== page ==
SOPA/PIPA Resource Guide
You may have noticed a few acronyms floating around lately, maybe quite a few mentioning SOPA, PIPA, and even OPEN. These three bills, recently under discussion in the U.S. House and the Senate respectively, are the Stop Online Piracy Act, Protect Intellectual Property Act, and the Online Protection and Enforcement of Digital Trade Act. Quite a few websites took January 18 to “black out” and protest the bills, including craigslist and Wikipedia. Librarians Shana Gass, Sara Nixon, and Laksamee Putnam have compiled these resources in the hope that you will take a moment to explore the legislation and a few of these related opinion pieces to see what all the ruckus is about.
SOPA, PIPA, & OPEN 101
Timeline from Yahoo News
SOPA & PIPA: Just the Facts (PC World)
OPEN vs. SOPA vs. Protect IP (from co-sponsor Congressman Darrell Issa)
Quick Reference Guide to SOPA, PIPA and OPEN (ACRL, unit of American Library Association)
[Note: The ALA opposes SOPA and PIPA]
How SOPA Would Affect You (CNET)
Copyrights and Internet Piracy (SOPA and PIPA Legislation (New York Times)
Straight to the Source: U.S. Congress
For current bill information including summary, cosponsors, Congressional actions, and text of bills, search THOMAS for SOPA, PIPA, or “OPEN Act” (in quotes).
OpenCongress also provides bill summaries and updates.
Who Supports and Opposes the Bills?
List of SOPA Supporters (Wikipedia)
List of Those Expressing Concern with SOPA & PIPA (Center for Democracy and Technology)
Opinions from Other Groups
Global Intellectual Property Center (an affiliate of the U.S. Chamber of Commerce)
PC Magazine asks a range of staffers Where Do You Stand on SOPA?
ALA Applauds Internet Blackout in Opposition to PIPA & SOPA (American Library Association)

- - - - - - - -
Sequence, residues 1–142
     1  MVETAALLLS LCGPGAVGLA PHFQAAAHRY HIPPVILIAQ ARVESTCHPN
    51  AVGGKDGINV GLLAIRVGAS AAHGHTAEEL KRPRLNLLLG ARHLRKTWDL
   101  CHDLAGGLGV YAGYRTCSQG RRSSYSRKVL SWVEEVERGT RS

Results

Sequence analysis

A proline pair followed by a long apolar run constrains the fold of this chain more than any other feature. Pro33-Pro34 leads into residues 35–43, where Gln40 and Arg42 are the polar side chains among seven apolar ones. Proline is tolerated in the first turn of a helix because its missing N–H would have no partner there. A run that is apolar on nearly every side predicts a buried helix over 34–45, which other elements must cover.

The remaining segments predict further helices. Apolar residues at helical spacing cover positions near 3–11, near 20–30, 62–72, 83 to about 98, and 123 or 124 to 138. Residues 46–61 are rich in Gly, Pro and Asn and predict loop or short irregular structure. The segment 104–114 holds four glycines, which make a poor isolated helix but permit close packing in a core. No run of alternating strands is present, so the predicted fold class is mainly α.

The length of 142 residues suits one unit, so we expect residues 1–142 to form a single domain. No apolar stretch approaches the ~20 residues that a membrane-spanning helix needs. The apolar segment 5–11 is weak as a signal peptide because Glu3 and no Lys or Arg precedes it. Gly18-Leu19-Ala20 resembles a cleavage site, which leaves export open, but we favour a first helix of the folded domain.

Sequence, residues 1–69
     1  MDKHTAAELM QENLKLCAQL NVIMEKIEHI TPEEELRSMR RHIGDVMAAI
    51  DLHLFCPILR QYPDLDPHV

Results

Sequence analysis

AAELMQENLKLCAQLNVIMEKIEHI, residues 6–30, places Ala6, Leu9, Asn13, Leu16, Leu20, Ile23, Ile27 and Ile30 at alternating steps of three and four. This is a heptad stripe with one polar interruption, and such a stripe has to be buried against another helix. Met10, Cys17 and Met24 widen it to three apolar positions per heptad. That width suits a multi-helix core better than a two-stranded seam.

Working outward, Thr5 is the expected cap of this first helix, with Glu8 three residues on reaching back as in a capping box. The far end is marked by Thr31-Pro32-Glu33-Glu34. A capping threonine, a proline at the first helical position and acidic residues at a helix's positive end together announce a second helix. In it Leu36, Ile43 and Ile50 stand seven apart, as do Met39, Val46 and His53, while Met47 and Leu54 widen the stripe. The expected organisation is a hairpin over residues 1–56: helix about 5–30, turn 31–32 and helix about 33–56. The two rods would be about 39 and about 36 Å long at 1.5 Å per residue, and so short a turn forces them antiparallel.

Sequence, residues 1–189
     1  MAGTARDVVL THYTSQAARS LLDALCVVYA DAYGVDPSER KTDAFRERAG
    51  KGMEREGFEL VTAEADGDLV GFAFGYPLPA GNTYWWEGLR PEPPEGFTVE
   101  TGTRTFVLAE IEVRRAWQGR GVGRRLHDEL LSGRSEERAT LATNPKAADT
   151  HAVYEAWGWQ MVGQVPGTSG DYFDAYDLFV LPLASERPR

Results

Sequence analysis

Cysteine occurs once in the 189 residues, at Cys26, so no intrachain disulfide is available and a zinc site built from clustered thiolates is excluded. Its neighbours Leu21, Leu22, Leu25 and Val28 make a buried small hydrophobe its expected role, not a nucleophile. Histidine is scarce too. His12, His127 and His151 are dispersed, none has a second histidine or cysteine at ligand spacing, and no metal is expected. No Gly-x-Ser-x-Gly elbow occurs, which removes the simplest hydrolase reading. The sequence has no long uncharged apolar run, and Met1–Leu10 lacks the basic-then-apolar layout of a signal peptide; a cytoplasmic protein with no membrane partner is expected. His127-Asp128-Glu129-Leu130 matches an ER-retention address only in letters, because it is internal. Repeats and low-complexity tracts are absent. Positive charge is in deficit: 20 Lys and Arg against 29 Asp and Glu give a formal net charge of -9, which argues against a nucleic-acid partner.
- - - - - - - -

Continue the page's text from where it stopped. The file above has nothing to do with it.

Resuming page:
Rogue Websites from the Motion Picture Association of America
Let’s Talk about SOPA (author John P. Murphy)
Stop SOPA (Syracuse University School of Information Studies)
Why We’ve Censored Wired (from the technology magazine)
SOPA…Why It’s Bad for the Web (Search Engine Watch)
What SOPA Means for Business and Innovation (Infographic compiled from information from Techdirt.com, AmericanCensorship.org, Arstechnica.com, Fightonlinetheft.com and PCWorld.com)
10 Things You Need to Know about SOPA & PIPA (Washington Post’s VentureBeat blog)
Analyses of the Piracy Issue
A Legal Analysis of S. 968, the PROTECT IP Act, July 7, 2011 (from Congressional Research Service)
Media Piracy in Emerging Economies from the Social Science Research Council
What You Can Do
After you’ve decided where you stand, below are some sites that will help you take action. Since many of Maryland’s elected officials have not yet gone public with their views, you have a chance to make a difference!
Whether you support or oppose the bills, OpenCongress provides ways to get in touch with your legislators.
The Electronic Frontier Foundation offers a host of suggestions for making your opposition known.
Sign up to make phone calls to members of Congress through Fight for the Future organization’s SOPA Strike page.
Avaaz’s page to “Save the Internet” provides ways to protest via Tweet, Facebook, and online petition.